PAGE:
Heidi Palmer ~ Island View

Inspired by the isolation and elemental beauty of Block Island, Heidi Palmer’s new monotypes and oils-on-canvas depict the island’s night skies, rocky shores, remote byways and fields, and ocean views that she finds so compelling. They are on exhibit from June 22 to July 4 at the Jessie Edwards Gallery on the second floor of the Post Office building. The opening reception is on Saturday, June 23, from 5-7 pm.

In the new monotypes, Palmer uses watercolors rather than oils and applies the paint to a rough surface onto which wet paper is placed and then put through a press, creating a very fluid effect. Her new take on monotypes can be seen in the darkly luminous “Night Light.” A dirt road winds along the coast. Dark tones of blue and grey play against lighter shades of blue and grey. Again, bright light glows in the distance along the road. On the horizon, a few white shapes dot the dark blue water and the paler grey sky.

“Gulls” seems to be drenched in water with its white, cloud-filled sky mottled with blue veins, while the turquoise waves below roll in and pool around black rocks in the foreground. The gulls sitting on the rocks and the one winging over the waves are not painted at all. They are the absence of paint with the white paper revealed to suggest their shapes.

The oils-on-canvas in this show include nighttime scenes, not a subject that Palmer has often shown in the gallery before. Several nocturnal scenes have an ethereal quality created by the interplay of light and shadow. In the oil “Full Moon,” we look through large windows to a calm, dark sea and overcast sky. One window is slightly open to let in the night air. In the upper right, seen through the windowpane, the clouds have parted to reveal a pale full moon casting light on a half-drawn window shade, on the water, and across a grassy sand dune in the foreground just beyond the windows. Small dots of light can be seen in the distant dark stretch of land on the left.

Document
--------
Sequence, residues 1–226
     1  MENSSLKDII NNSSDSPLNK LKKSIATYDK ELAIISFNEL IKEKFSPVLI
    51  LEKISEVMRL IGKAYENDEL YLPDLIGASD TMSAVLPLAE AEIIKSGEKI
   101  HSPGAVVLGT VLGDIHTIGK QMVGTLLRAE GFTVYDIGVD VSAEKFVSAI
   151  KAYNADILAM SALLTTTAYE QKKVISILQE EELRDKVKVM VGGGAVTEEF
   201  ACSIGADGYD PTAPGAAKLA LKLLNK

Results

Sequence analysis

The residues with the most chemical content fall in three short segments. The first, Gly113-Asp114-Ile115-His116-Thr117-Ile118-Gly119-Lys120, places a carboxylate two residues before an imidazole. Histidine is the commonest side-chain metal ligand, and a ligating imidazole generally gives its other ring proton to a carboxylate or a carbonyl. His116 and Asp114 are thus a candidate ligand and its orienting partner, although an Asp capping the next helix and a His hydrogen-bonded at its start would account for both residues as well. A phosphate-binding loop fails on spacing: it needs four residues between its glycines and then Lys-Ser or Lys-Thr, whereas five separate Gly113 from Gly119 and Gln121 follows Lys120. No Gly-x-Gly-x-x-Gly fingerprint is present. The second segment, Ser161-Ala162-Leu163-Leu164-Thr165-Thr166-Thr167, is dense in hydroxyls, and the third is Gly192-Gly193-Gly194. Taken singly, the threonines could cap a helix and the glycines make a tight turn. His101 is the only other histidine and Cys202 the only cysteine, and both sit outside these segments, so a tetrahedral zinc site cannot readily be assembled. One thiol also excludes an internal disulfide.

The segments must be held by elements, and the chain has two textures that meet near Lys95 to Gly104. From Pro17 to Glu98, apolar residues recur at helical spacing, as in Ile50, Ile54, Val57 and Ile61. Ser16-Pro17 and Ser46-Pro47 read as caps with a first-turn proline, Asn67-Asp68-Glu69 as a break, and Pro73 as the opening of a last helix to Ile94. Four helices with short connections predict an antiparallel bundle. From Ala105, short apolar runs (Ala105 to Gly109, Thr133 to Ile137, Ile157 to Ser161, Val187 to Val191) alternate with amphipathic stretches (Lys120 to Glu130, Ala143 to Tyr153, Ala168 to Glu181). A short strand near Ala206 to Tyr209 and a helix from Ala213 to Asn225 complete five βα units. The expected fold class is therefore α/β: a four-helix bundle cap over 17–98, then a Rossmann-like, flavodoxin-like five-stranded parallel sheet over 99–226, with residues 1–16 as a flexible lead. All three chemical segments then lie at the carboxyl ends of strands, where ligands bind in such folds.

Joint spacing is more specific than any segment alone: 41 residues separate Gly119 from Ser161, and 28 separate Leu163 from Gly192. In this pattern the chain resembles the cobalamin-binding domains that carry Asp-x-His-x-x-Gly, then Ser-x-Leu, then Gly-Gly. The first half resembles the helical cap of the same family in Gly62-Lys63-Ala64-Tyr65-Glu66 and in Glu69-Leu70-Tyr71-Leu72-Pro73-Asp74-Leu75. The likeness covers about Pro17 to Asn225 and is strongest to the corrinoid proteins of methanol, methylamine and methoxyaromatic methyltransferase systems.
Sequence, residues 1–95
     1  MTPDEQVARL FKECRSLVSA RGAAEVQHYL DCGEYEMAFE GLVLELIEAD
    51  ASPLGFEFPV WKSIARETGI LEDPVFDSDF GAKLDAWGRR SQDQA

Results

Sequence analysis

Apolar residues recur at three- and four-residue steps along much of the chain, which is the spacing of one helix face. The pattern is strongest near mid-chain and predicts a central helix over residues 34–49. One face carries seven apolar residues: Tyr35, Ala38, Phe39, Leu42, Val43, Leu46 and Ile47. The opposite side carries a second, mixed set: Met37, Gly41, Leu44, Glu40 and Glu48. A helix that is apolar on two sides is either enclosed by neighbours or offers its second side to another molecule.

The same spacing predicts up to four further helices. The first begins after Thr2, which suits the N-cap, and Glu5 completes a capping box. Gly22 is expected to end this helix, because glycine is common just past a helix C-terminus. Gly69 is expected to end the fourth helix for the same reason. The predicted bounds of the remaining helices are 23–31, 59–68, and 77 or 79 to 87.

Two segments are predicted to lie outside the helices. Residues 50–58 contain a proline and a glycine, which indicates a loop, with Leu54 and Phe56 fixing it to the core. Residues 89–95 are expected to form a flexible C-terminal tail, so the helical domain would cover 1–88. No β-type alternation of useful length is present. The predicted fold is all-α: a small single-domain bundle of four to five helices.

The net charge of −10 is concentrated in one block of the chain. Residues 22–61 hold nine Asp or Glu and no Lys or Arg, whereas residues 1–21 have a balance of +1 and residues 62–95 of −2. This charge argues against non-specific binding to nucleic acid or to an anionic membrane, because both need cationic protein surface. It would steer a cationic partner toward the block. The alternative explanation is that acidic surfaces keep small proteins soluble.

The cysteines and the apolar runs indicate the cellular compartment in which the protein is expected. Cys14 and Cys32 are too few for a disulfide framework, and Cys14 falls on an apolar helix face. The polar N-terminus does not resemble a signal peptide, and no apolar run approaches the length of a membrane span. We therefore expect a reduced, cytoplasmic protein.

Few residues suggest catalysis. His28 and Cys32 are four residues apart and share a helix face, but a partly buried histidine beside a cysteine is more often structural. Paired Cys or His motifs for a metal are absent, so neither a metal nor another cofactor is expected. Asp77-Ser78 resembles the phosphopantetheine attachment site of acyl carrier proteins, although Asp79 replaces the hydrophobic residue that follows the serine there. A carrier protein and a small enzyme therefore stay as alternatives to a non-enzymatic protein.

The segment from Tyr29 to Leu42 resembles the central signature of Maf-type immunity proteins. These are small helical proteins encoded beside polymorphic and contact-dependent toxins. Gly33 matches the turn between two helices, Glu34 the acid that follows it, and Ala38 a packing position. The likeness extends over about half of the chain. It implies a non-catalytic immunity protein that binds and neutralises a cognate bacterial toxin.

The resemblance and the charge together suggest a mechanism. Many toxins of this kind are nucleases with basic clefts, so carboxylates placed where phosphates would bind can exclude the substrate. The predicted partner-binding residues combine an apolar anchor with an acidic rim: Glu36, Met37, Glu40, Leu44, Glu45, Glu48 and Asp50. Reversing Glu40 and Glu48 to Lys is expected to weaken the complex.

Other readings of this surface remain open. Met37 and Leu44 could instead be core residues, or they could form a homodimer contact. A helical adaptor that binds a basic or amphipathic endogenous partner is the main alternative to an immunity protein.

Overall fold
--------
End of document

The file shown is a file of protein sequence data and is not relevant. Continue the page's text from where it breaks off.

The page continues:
Another oil, “Night Drive,” is similar in its other-worldly quality. Like the monotype “Night Light,” it takes us on a late night drive along a coast road far re-moved from the lights of the town. From somewhere in the starless deep blue night sky, the unseen moon sheds a pale light on the water. The dirt road arcs across the far left of the canvas, its surface lit by what seems to be headlights from a distant on-coming car.

Along with these nocturnal works, most of Palmer’s oils are daytime scenes that convey the quiet pleasure of isolated places. She calls several small oils (9”x12”) paintings of “little landscapes in the sand.” Two are of rocks at Clayhead: close up studies of wet rocks glistening in the sand with gently rippling waves foaming onto the sand. “Ebbtide” also captures rocks on a wet beach, with footprints still visible as the tide recedes.

Several larger oils depict the changing aspects of a house and fields on the Southwest Point. In “Imminent,” the warm light falling on the house and fields will soon be overtaken by the storm that is about to break from the rain clouds that fill the sky. “Intrusion” shows the same house from a different angle under a similarly ominous sky. Light falls on the stone wall running from the foreground to the house set against the dark clouds. Black crows in the right foreground take flight into the grey sky — their caws almost audible as they make haste across the fields. In contrast, “Island Cattle” is a serene view of a herd of cattle grazing at the edge of a field. The clear blue sea behind them merges in to lighter blue sky — a transcendent moment — a kind of bovine heaven.